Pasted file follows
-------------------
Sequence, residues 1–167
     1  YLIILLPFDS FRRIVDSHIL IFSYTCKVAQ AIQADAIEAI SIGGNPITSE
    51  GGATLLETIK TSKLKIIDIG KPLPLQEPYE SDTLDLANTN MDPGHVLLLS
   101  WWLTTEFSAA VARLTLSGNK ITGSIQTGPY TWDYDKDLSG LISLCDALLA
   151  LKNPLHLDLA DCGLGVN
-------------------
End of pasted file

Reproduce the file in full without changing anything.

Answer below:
Sequence, residues 1–167
     1  YLIILLPFDS FRRIVDSHIL IFSYTCKVAQ AIQADAIEAI SIGGNPITSE
    51  GGATLLETIK TSKLKIIDIG KPLPLQEPYE SDTLDLANTN MDPGHVLLLS
   101  WWLTTEFSAA VARLTLSGNK ITGSIQTGPY TWDYDKDLSG LISLCDALLA
   151  LKNPLHLDLA DCGLGVN